By: Jessica Vail, The Falcon Group
It is widely known that having an updated Capital Reserve Study is vital for the success of any community association; as it is a guide to help set aside funds and is the road map for all future capital improvement projects and expenditures.
How to understand your reserve study
The Reserve Study includes the identification, quantification and financial analysis of only the replacement or major repair of the association’s common elements. It offers recommendations as to the amount of money an association should fund on a yearly basis. The analyses and recommendations are important in that they help avoid possible future special assessments of the individual unit owners. The analyses also takes into account the site-specific existing conditions, their useful life and the realistic replacement and maintenance costs based upon actual material costs and site-specific individual item’s method of construction.
It is also important to include a preventative maintenance plan because it meets legal, fiduciary and professional requirements. It provides for the planned maintenance of major components and minimizes the need for special assessments. Homeowners, especially those on fixed income, may have limited resources and might be unable to afford the large special assessments necessary for major replacements.
While it is recommended that a community’s Reserve Study is updated every three years (5 for new communities), it is important to look at the reserve study as a living document. There are many instances that require an update even within a three-year window. For example, if the community has had a major renovation or replacement project, it is imperative that the Reserve Study reflect this change to retain its accuracy and make sure funds are being properly allocated. If there is any uncertainty, it is always recommended to consult your engineer or Reserve Specialist.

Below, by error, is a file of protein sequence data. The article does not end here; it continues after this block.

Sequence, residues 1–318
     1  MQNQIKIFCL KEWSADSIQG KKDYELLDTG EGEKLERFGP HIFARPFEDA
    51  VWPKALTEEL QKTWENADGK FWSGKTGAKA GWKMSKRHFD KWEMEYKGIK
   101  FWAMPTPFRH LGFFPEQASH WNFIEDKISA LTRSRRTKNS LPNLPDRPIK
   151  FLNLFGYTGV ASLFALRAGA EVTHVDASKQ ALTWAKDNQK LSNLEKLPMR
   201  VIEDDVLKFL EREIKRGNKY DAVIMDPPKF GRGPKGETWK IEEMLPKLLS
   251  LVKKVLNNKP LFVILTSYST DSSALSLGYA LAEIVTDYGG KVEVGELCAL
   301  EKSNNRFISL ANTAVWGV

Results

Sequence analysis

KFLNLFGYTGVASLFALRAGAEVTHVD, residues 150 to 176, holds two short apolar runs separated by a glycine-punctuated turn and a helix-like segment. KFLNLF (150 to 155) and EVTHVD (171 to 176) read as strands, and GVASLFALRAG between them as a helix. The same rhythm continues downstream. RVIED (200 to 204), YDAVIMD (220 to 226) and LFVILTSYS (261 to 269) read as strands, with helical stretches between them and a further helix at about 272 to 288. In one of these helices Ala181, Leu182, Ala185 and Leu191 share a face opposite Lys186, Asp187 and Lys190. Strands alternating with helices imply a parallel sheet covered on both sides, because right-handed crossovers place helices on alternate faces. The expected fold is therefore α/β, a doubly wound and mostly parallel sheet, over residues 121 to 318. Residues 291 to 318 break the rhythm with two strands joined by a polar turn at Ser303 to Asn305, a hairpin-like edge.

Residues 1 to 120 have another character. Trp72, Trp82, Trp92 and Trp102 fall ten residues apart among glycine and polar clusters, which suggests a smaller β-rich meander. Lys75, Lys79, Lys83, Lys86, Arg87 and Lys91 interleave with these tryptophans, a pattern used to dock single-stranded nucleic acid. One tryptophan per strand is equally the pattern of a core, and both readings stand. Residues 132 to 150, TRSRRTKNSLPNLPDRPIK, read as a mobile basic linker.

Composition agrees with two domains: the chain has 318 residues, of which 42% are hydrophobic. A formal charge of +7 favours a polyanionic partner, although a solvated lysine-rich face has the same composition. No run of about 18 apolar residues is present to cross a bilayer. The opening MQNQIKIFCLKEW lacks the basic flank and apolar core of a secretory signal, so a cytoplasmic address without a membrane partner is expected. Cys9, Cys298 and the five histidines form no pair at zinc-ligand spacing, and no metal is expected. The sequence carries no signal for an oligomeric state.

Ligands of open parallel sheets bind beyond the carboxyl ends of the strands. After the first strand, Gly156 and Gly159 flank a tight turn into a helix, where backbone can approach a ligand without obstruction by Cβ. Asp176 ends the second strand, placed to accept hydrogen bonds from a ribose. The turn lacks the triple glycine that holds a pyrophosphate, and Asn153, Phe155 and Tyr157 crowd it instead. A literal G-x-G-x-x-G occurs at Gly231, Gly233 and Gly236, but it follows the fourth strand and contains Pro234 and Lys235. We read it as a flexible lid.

Planning for the future
Far too often, associations are finding themselves in an underfunded position at the beginning of a replacement project. Whether it is reconstructing roadways, sidewalks, roofs or other aspects of the community, the association will rely on funding that has been recommended and established over the useful life of the item.
Standard useful lives are, often times, based solely upon standards used in the engineering industry taken from information listed in life cycle analysis publications and/or manufacturer’s specifications. This can result in underfunding. Site specific useful lives must be used. Actual conditions must be physically inspected and changes must be made to the projected useful lives as conditions change. Aesthetics may also affect the replacement of an item sooner than scheduled.
Another key factor is: quantities. Quantities should be verified by the as-built conditions. This must be done for any initial reserve analysis and should always be field-checked on subsequent studies. Failure to provide an association with correct quantities may result in a significant underfunded condition in the future.
The unit costs provided in the funding table for the replacement of the Capital Reserve items should be based upon a number of sources, including published documentation on replacement costs. They should also be based upon the Reserve Specialist’s experience in site and building construction. The individual reconstruction or replacement of each item should be analyzed and the resulting unit costs should be adjusted accordingly. Individual (site-specific) characteristics affecting the unit’s costs are different on every site and the replacement costs must be adjusted accordingly. Existing site conditions, the size and scope of the future replacement project, the job access locations; the site restoration costs and presence existing components are all variables that affect the item’s replacement costs. Many times the unit replacement costs shown in these studies barely cover the materials costs for the item.
There are quite a few moving parts involved with an accurate Capital Reserve Study. It is imperative to work closely with your engineer or Reserve Specialist to ensure its accuracy and that the study is being updated on a regular basis to fit the needs of your community.